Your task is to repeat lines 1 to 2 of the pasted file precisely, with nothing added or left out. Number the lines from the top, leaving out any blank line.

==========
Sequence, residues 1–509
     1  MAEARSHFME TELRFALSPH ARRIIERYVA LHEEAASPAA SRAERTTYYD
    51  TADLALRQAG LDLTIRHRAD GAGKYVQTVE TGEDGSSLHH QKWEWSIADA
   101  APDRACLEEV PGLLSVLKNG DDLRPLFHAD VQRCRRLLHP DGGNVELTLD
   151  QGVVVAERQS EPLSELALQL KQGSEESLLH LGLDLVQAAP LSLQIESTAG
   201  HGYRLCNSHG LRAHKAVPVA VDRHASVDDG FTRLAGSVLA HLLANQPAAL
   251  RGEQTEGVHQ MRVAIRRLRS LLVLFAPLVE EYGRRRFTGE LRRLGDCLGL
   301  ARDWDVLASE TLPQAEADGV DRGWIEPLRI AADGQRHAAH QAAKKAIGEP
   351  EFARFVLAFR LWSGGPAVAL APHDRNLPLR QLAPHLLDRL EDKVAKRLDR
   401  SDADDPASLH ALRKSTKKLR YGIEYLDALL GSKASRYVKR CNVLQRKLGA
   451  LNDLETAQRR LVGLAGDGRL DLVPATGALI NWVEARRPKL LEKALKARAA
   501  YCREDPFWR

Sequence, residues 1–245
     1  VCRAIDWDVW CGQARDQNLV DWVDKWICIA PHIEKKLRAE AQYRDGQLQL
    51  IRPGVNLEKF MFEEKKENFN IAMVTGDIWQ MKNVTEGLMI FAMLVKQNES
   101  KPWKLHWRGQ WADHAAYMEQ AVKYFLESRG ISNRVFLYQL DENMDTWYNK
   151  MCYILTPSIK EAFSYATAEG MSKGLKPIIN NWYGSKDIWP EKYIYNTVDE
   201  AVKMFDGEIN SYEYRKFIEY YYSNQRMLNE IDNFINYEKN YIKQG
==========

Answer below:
Sequence, residues 1–509
     1  MAEARSHFME TELRFALSPH ARRIIERYVA LHEEAASPAA SRAERTTYYD